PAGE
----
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Business Intelligence is not just Information

in Business Management
Business Process Management

BI Includes the Technologies, Applications and Practices Used

Business analytics, reporting, dashboard, performance management, data mining, process mining, OLAP, spreadsheets and other software tools all fall under the term BI.

Business decisions are usually made on the basis of past experience, though they can also be based on qualitative considerations or rules of thumb. Past experience typically consist of an overwhelming mass of data.

BI tools and techniques are used to mine this data and extract meaningful information out of it. Keep Reading

Business Performance Management Fundamentals

in Business Management
Business Management

Performance Management Process Involves Goal Setting and Control

Managing performance involves attending to issues like clear planning, effective organization, employee development, working conditions and well-designed control systems.

Performance is measured by comparing actual results against desired results. In a business context, desired results consist of increasing profits and continuing growth.

These are achieved by developing comprehensive plans and implementing control systems that report upon actual performance against plans. Keep Reading

Performance Ratios Look at Operational Issues

in Business Management
Business Performance

Emphasis is on Business Performance instead of Financial Performance

Operating performance ratios are concerned with the utilization of physical facilities, productivity of employees and management of working capital. Keep Reading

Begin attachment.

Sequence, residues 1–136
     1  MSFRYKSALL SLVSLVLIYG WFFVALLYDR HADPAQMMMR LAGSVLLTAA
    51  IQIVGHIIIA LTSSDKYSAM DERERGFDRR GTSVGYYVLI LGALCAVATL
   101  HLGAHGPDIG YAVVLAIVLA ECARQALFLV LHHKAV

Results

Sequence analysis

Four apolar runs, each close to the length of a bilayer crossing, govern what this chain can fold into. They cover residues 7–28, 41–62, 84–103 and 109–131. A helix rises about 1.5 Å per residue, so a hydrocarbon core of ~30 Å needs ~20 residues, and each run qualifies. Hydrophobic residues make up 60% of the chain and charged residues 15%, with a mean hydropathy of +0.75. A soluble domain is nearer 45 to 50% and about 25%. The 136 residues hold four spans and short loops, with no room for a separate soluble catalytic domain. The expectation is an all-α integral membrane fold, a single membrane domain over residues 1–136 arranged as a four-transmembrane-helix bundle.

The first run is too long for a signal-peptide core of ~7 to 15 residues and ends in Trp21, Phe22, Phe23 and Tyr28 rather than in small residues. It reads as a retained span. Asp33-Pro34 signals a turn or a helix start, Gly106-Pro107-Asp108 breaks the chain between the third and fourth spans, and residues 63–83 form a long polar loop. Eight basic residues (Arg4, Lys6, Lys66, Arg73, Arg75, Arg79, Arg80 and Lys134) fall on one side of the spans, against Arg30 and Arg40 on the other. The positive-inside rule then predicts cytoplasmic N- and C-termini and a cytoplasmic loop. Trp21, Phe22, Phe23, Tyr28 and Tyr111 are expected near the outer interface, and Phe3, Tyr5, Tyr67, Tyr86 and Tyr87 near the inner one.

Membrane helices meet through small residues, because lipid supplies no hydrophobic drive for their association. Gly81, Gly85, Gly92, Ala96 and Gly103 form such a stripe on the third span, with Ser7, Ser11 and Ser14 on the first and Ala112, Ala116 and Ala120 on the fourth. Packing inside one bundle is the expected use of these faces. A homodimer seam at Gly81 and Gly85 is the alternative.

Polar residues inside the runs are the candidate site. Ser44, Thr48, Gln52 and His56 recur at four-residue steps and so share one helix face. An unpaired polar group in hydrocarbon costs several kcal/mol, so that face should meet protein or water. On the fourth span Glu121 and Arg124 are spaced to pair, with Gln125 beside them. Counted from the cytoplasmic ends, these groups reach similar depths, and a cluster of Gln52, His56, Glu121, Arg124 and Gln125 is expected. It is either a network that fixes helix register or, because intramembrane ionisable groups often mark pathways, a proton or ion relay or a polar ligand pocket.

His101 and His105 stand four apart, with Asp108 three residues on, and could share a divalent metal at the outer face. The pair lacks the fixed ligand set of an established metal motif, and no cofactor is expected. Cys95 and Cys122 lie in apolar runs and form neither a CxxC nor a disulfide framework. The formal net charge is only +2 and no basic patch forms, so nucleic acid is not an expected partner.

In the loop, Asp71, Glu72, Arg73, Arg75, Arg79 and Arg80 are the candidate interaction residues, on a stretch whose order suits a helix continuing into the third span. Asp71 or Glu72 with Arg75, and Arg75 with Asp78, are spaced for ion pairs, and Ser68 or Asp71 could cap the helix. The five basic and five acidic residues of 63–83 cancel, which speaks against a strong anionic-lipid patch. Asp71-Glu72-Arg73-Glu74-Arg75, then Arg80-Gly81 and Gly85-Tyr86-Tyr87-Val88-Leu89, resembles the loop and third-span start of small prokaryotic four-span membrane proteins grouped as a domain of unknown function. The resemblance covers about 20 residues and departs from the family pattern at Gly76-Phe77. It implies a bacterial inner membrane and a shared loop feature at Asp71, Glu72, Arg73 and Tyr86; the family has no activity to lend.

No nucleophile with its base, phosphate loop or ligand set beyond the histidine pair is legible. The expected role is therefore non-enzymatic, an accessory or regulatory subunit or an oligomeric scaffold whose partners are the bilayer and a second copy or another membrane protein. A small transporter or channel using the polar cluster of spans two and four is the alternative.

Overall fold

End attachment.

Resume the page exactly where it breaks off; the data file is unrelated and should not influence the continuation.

What Is the 80-20 Rule?

in Business Management
80 20 Rule

How to Get More out of Your Time and Efforts

Constantly driven by what is urgent, people don’t take time to think about what is most important. The 80-20 rule helps you get more bang for your buck.

Most managers know about the 80-20 rule, but how many use it effectively?

What Is the 80-20 Rule?

It means: 80% of output comes from 20% of input. As a strategic decision making tool, the 80-20 rule can help you decide what’s important and how you should spend your time for the best return. Most people are driven by what is urgent without stopping to think whether it’s really as important as something else they could be doing. No doubt everything you do has some importance.

It’s a question of relative worth, relative return on your investment of time and effort. The numbers 80 and 20 are not hard and fast, but they make concrete the point that a few of the things you do add much more value than everything else you do. Being strategic means identifying that small set of activities where you have the most to gain.

Here are some practical uses of the 80-20 rule.

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